There are some ethics violations that company officials are keen to quickly identify. But it’s important to remember that ethics violations can present in a variety of ways across a host of company departments and completely online, too. To make sure your teams are not missing potential risks, we’ve compiled a roster of ethics violation examples that may not be on your radar but should be.
1. Discrimination and Harassment
These tend to be more common violations that companies monitor for ongoing. But it’s the definitions that may cause some instances of discrimination and harassment to go unnoticed. More obvious violation examples include employees bullying, making outward advances, or denying promotions. But discrimination can also include comments about another person’s appearance or insensitive remarks about someone’s age. There should be ethics definitions in place that clearly outline any instance of impropriety, not just those that are blatant or obvious.
2. Releasing Proprietary Information
Your business model might be responsible for maintaining proprietary information or processes. It could be that your company collects customer data or deals with sensitive metrics. Company officials should always be looking out for potential risks associated with releasing these sensitive materials. Most violations are accidental or inadvertent, but they can be purposeful, as well. But the leaking of assets or data could result in steep fines, data breaches, and costly lawsuits if not caught sooner.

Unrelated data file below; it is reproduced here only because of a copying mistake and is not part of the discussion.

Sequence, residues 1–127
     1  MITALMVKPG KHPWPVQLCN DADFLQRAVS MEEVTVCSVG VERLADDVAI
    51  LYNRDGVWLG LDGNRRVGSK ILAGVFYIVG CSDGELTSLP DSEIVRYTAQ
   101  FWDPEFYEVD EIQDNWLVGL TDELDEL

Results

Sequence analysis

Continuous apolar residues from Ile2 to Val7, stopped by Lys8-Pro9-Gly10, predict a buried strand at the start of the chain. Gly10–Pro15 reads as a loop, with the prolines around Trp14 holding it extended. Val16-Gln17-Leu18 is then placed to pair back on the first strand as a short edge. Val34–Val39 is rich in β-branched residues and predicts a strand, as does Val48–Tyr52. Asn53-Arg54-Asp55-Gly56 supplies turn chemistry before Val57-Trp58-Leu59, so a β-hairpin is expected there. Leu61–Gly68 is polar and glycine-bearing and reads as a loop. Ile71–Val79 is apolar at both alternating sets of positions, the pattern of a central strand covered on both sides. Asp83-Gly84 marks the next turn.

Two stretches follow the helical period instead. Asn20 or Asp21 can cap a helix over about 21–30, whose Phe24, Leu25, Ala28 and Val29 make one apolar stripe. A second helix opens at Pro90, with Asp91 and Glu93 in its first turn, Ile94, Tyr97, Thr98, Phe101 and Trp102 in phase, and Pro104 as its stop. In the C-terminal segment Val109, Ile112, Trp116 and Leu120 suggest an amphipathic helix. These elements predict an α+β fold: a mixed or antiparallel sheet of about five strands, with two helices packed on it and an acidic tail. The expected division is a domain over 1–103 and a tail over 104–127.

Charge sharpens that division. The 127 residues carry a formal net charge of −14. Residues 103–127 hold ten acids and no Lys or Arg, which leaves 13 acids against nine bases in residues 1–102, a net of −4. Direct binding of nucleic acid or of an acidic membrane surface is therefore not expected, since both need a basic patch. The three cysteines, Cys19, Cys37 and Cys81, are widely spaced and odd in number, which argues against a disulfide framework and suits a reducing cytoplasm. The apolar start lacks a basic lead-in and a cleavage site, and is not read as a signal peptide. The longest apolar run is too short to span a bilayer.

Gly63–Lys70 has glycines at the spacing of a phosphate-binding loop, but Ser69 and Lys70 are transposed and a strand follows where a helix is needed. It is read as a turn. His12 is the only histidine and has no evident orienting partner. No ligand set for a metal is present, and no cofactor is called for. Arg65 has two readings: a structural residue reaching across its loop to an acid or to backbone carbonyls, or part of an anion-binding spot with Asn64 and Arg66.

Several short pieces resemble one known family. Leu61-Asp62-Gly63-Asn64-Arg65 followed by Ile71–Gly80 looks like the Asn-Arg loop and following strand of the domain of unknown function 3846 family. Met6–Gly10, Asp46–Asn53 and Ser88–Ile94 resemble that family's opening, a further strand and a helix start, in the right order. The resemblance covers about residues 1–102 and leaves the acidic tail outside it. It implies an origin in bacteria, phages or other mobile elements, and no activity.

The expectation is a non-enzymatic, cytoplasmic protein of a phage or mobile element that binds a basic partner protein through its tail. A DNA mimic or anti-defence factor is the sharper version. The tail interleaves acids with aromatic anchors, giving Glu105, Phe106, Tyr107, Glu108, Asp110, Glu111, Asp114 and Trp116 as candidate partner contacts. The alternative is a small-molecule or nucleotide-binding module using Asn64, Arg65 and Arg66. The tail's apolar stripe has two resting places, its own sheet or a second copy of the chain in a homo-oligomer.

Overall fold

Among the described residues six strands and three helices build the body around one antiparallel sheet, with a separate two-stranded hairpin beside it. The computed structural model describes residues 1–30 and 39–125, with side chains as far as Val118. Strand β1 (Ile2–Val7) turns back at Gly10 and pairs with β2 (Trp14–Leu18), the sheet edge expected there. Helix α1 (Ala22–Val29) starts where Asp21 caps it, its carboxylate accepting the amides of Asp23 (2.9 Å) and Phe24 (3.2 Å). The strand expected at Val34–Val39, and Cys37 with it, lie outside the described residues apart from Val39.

3. Safety Violations
Those companies routinely following OSHA safety regulations tend to prioritize safety processes. But others, with office settings or remote teams, may not be overly watchful of safety enforcement. However, it’s highly recommended that every business has a well-communicated safety policy in place. Workman’s compensation claims can arise from carpal tunnel symptoms, too much screen time, too much drive time, and poor posture at a desk for too long.
4. Financial Violations
Depending on the nature of your organization and operations, you might not be overly concerned about fraud related to financial transactions. Sure, banking and lending institutions, retail, and restaurants will usually have theft of funds top of mind. But other service-based businesses, like plumbing companies or cleaning companies, might forget to check those financial logs and processes. Anytime money or company assets are accessible to staff or are unprotected from hackers, there could be significant risks.
5. High Profile Violation Examples
There are some high-profile reminders about some violations that can occur in any business model. Enron, for example, experienced significant accounting fraud that went undetected long before it was reported. Dennis Kozlowski, formerly of Tyco, went to prison for using corporate funds for personal use. And Conrad Black of Hollinger, Inc. went to prison for wire fraud. And these stories all serve as a reminder that even executive-level personnel can be responsible for ethics violations. It should reinforce your processes for accountability to make sure ethics policies reach every layer of your company.
If you’re looking to tighten up your ethics policies and enforce reminders among your staff about reporting and accountability, consider adding an ethics hotline to help. These anonymous channels for reporting will be instrumental in managing your process ongoing. And Ethical Advocate can be your partner in developing, managing, and improving how you oversee your company’s ethics.